Today we’re going to be answering a question I’ve had since Cricut first came out with Infusible Ink… do you really need the Cricut brand t-shirt blanks? Or will just any t-shirt do?
I know, I know… infusible ink is all about sublimation which means it needs a special fabric. BUT I HAVE ALL THESE T-SHIRTS and I want to use them! Basically if you’re like me you have a stash of t-shirts from Michaels and Wal-Mart that you’ve picked up for your crafting hobby and they’re burning a hole in your pocket.
And that hole is even worse since Cricut’s t-shirt blanks only come in a while color (as of now) and I like color! So when I was writing my ultimate guide to the Cricut Easy Press and made this little “I identify as a unicorn” shirt from the cricut access library I decided to do a little *ahem* research and try infusible ink on two other shirts… with very different materials.
95% Polyester, 5% Spandex (White)
Alright y’all, this is the official infusible ink shirt… so these are the official results!
Obviously they’re fantastic.
The ink is flawless, it’s bonded straight to the shirt and super vibrant. No complaints here!
60% Polyester, 40% Cotton (Light Rose)
Ready for shirt number two? These are the George styled t-shirts from Wal-Mart and they’re a polyester and cotton mix. They come in lots of different pastel colors and lots of sizes… which is a bonus.
They’re 60% polyester so I had high hopes for these babies! I picked a light shirt so that my multi-colored infusible ink design would show up (this midnight sky ink is pretty busy after all) and hoped for the best.
Ready for the results?
100% Cotton (Dark Purple)
Ready for the 100% cotton shirt? It seems like these are the most easy to find (cotton is pretty popular after all) and I already had a few in my craft room to try.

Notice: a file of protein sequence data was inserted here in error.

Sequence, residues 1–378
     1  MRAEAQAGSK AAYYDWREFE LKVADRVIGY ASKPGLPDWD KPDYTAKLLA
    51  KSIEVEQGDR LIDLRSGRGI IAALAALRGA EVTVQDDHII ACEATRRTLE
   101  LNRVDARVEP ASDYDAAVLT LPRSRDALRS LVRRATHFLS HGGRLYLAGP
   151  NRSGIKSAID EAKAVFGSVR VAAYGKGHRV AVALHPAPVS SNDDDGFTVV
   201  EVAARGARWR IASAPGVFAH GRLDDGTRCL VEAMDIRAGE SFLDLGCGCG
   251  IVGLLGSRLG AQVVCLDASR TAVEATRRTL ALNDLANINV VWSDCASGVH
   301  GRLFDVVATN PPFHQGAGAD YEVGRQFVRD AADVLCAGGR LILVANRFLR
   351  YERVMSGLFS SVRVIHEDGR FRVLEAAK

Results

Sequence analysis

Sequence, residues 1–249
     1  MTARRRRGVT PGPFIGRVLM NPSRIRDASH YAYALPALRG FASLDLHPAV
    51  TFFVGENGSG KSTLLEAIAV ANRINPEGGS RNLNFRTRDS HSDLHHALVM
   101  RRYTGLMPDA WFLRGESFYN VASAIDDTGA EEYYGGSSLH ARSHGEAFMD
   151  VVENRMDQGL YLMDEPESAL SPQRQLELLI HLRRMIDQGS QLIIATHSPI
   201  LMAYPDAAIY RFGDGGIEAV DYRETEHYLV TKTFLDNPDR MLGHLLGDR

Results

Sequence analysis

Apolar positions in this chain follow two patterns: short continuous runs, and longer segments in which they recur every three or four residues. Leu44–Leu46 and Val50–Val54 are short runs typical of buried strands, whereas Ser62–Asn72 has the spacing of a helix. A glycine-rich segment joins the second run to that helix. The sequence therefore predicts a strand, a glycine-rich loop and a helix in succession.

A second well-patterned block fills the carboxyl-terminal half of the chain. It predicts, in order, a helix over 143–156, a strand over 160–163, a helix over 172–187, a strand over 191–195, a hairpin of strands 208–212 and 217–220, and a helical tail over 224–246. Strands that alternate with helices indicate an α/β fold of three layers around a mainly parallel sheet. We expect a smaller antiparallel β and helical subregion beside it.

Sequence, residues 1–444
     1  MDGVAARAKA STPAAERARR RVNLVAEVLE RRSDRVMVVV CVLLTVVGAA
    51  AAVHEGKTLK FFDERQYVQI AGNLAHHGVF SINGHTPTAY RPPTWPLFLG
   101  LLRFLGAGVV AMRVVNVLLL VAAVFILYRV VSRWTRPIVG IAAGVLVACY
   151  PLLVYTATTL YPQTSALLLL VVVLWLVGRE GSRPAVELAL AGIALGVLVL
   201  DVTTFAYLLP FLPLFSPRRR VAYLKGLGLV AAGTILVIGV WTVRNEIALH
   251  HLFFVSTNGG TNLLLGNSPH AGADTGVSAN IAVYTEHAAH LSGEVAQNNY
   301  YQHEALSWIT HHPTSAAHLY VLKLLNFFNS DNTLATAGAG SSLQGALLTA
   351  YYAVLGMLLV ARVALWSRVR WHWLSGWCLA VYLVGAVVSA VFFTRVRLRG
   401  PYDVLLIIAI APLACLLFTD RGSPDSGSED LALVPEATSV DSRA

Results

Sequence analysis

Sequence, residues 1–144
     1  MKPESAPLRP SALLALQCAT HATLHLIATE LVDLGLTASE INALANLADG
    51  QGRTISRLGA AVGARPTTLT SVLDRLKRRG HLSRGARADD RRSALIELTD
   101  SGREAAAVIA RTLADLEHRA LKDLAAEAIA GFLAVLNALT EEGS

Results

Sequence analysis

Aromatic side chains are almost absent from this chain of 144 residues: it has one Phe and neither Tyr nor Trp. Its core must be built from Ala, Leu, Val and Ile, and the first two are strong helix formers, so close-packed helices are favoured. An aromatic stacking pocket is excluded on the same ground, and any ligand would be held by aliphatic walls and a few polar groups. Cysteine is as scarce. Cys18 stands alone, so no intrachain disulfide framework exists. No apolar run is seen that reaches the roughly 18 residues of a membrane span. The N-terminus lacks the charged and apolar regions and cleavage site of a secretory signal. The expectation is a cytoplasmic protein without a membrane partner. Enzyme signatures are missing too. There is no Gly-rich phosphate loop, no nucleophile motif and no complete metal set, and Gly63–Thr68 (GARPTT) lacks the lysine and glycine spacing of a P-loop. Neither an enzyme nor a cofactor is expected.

Unfortunitely it didn’t really work. You can definitely see the ink (and up close the details are pretty dark!) but as you’ll see in the group picture from far away the design is hard to make out let alone read.
Okay y’all so here’s the 411. Cricut’s t-shirt blank was obviously the best one… it looks the most vibrant and has killer clarity. The ink looks like I took it from a galaxy far far away and put it on this shirt… it’s that bright.
Unfortunitely while the ink looks fantastic I’ve tried to wear this shirt and it just doesn’t quite *ahem* come in a size that works for me. *I need a bigger, comfier, not skin tight, my arms need to breath too, t-shirt* It would probably work well for anyone that lives in a s-xl though!
I’m also tempted to try the men’s sized cricut blank… ’cause why not?
The 60% polyester shirt turned out pretty dang good (I’m actually wearing it right now!) but it’s definitely not as bright as the Cricut brand shirt. It’s pretty bright though and I like the effect… so I’m going to rock it.
Plus… this shirt was only 3.99 as opposed to 9.99 and my arms can breath.
The bottom ranking shirt was definitely the 100% cotton shirt from Michaels. These are my go-to shirts for iron-on so I was super disappointed that it wasn’t awesome for infusible ink but I had a feeling it wouldn’t work.
You can definitely see the design though so if you’re set on using a Michaels shirt try a lighter color (whites or pastels) with dark, solid ink. If black ink on a pastel shirt doesn’t float your boat then one of the other two shirts will probably be your best bet.
Ready to make all. the. shirts?
Let’s get started!
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[…] started with t-shirts… experimenting with different materials and seeing what t-shirt materials you could put infusible ink on. Then I learned about sublimation […]